Changes in smoking intensity among Aboriginal and Torres Strait Islander people, 1994-2008

    Research output: Contribution to journalArticleResearchpeer-review

    Abstract

    Objectives: To describe smoking intensity among Indigenous Australians and any changes that occurred between 1994 and 2008.

    Design, setting and participants: Analysis of data from two national cross-sectional household surveys conducted among Aboriginal and Torres Strait Islander people — the 1994 National Aboriginal and Torres Strait Islander Survey, and the 2008 National Aboriginal and Torres Strait Islander Social Survey, with 8565 and 7803 respondents aged 15 years and over, respectively.

    Main outcome measure: Self-reported number of cigarettes per day (CPD) smoked.

    Results: In 2008, the mean number of CPD smoked by Indigenous smokers was 14.8 (95% CI, 14.1–15.4 CPD). The age-standardised proportion of Indigenous people who smoked more than 20 CPD declined from 17.3% in 1994 (95% CI, 15.8%–18.7%) to 9.4% in 2008 (95% CI, 8.4%–10.5%), a 45% relative reduction. The proportion of respondents who smoked 1–10 CPD increased from 16.8% (95% CI, 15.1%–18.5%) to 21.6% (95% CI, 20.1%–23.2%).

    Conclusions: Together with reports of the decreasing prevalence of smoking among Indigenous people, this first report of a significant reduction in heavy smoking by Indigenous smokers is good news. Reducing smoking intensity and prevalence will lead to fewer deaths and less illness due to smoking. Reducing the number of heavy smokers will also assist smoking cessation among Indigenous people. These changes in smoking intensity occurred before the recent increase in attention to and investment in tobacco control in Indigenous communities, but at a time of significant mainstream anti-tobacco public health activity. Similar trends in smoking intensity have been reported in the total Australian population.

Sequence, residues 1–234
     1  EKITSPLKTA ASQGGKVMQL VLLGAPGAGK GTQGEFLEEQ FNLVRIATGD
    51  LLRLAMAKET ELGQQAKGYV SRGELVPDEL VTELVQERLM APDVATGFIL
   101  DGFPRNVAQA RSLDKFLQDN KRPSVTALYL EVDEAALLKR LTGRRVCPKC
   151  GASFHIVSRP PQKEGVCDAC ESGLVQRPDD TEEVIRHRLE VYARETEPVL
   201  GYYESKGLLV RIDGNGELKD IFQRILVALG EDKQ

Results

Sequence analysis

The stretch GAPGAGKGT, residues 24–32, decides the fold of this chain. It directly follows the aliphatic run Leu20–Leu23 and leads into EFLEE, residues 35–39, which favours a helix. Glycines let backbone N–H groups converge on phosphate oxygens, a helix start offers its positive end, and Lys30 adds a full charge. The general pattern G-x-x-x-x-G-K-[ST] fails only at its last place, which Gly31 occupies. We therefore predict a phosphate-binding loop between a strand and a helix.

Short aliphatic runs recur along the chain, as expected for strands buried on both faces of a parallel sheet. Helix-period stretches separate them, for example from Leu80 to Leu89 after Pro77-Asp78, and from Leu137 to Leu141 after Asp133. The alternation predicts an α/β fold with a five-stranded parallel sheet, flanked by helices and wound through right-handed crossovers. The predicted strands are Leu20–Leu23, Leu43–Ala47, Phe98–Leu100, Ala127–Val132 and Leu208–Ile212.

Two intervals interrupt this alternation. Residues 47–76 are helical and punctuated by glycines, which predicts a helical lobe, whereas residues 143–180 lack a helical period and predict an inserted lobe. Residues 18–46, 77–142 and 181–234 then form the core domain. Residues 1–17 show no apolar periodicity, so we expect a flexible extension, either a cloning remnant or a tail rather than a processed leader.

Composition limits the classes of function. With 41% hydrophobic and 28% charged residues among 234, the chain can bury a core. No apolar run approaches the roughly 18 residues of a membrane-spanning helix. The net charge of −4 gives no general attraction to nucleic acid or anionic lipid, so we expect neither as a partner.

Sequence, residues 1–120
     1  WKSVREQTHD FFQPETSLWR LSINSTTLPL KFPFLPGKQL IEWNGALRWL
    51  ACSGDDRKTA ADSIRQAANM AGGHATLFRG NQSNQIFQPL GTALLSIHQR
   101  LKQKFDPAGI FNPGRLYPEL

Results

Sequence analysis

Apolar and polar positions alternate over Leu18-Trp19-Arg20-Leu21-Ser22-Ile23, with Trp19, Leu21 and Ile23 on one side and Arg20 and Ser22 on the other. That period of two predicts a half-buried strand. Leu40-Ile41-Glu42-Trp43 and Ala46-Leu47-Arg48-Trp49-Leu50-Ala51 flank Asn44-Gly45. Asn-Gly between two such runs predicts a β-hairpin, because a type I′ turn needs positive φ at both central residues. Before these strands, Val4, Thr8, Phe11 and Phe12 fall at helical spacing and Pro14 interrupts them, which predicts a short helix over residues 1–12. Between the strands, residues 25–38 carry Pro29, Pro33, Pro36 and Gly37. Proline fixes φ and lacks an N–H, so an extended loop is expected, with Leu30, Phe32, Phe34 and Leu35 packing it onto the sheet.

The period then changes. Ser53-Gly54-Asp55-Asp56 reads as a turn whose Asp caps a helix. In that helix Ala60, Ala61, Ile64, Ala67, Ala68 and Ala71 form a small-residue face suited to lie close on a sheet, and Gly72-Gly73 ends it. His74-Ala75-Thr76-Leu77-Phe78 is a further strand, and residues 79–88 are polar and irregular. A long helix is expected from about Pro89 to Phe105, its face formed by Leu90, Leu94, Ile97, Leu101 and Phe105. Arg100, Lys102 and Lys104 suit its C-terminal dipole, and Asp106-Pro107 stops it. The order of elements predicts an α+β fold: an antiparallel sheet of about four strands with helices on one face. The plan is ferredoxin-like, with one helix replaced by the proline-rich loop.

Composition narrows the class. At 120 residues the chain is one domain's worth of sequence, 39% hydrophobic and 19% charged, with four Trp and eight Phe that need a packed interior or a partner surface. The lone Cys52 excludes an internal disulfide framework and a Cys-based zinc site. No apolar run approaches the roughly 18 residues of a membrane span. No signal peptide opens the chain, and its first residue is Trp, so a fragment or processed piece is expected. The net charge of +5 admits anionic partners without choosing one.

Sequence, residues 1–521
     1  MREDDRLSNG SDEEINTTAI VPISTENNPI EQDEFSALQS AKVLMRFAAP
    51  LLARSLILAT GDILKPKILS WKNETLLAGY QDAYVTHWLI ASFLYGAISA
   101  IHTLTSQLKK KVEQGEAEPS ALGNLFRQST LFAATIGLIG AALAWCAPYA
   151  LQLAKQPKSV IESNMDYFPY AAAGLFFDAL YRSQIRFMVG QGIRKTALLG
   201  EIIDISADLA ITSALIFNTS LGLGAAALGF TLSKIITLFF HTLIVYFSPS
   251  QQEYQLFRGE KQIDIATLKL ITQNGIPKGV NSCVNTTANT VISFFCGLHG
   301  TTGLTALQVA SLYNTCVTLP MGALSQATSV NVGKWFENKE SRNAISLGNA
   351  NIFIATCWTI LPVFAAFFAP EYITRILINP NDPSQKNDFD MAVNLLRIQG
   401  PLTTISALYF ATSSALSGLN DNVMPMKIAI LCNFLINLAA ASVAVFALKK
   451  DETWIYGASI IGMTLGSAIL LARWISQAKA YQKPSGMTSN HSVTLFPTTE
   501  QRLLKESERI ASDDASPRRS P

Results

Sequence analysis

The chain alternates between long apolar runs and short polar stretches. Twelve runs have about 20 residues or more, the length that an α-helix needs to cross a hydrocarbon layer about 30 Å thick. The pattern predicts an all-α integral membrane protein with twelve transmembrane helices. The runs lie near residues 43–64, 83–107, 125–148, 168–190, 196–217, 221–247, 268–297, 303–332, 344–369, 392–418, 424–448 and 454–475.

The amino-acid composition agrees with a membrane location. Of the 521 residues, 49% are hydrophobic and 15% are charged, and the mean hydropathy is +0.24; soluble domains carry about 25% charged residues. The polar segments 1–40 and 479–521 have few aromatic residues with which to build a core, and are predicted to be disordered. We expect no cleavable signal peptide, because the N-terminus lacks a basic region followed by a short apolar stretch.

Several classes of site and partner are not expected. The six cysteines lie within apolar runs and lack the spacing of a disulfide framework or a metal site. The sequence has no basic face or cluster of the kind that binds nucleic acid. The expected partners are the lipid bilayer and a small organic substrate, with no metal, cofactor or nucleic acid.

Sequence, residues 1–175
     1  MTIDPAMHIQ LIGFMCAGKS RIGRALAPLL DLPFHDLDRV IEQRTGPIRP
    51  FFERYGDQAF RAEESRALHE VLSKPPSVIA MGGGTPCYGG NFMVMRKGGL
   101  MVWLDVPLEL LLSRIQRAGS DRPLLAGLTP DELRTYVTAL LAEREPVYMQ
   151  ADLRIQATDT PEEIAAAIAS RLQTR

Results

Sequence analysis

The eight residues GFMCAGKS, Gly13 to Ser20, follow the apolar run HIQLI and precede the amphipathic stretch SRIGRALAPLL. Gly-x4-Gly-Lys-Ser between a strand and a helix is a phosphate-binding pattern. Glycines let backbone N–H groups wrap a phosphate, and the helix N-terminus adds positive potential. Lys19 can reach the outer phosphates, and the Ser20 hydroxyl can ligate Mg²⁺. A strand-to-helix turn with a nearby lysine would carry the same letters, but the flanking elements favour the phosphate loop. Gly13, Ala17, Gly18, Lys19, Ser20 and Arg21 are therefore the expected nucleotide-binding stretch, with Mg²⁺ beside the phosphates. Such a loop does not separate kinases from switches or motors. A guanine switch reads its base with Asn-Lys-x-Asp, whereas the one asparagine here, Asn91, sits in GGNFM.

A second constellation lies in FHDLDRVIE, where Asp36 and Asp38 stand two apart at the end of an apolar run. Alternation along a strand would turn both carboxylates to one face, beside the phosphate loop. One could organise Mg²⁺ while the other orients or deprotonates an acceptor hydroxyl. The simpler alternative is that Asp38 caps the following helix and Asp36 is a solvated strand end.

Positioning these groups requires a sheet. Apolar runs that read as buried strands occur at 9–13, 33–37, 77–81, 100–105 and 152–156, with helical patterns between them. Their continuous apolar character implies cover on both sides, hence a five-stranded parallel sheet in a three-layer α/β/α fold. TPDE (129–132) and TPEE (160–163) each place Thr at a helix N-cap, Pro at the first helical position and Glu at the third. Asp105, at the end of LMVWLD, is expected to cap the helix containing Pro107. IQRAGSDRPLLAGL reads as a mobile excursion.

Original languageEnglish
    Pages (from-to)503-506
    Number of pages4
    JournalMedical Journal of Australia
    Volume197
    Issue number9
    DOIs
    Publication statusPublished - 2012

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    Smoking
    Tobacco Products
    Tobacco
    Smoking Cessation
    Public Health
    Cross-Sectional Studies
    Outcome Assessment (Health Care)
    Surveys and Questionnaires
    Population

    Cite this

    @article{b450ca74229c47a2b5ff5121e7306665,
    title = "Changes in smoking intensity among Aboriginal and Torres Strait Islander people, 1994-2008",
    abstract = "Objectives: To describe smoking intensity among Indigenous Australians and any changes that occurred between 1994 and 2008.Design, setting and participants: Analysis of data from two national cross-sectional household surveys conducted among Aboriginal and Torres Strait Islander people — the 1994 National Aboriginal and Torres Strait Islander Survey, and the 2008 National Aboriginal and Torres Strait Islander Social Survey, with 8565 and 7803 respondents aged 15 years and over, respectively.Main outcome measure: Self-reported number of cigarettes per day (CPD) smoked.Results: In 2008, the mean number of CPD smoked by Indigenous smokers was 14.8 (95{\%} CI, 14.1–15.4 CPD). The age-standardised proportion of Indigenous people who smoked more than 20 CPD declined from 17.3{\%} in 1994 (95{\%} CI, 15.8{\%}–18.7{\%}) to 9.4{\%} in 2008 (95{\%} CI, 8.4{\%}–10.5{\%}), a 45{\%} relative reduction. The proportion of respondents who smoked 1–10 CPD increased from 16.8{\%} (95{\%} CI, 15.1{\%}–18.5{\%}) to 21.6{\%} (95{\%} CI, 20.1{\%}–23.2{\%}).Conclusions: Together with reports of the decreasing prevalence of smoking among Indigenous people, this first report of a significant reduction in heavy smoking by Indigenous smokers is good news. Reducing smoking intensity and prevalence will lead to fewer deaths and less illness due to smoking. Reducing the number of heavy smokers will also assist smoking cessation among Indigenous people. These changes in smoking intensity occurred before the recent increase in attention to and investment in tobacco control in Indigenous communities, but at a time of significant mainstream anti-tobacco public health activity. Similar trends in smoking intensity have been reported in the total Australian population.",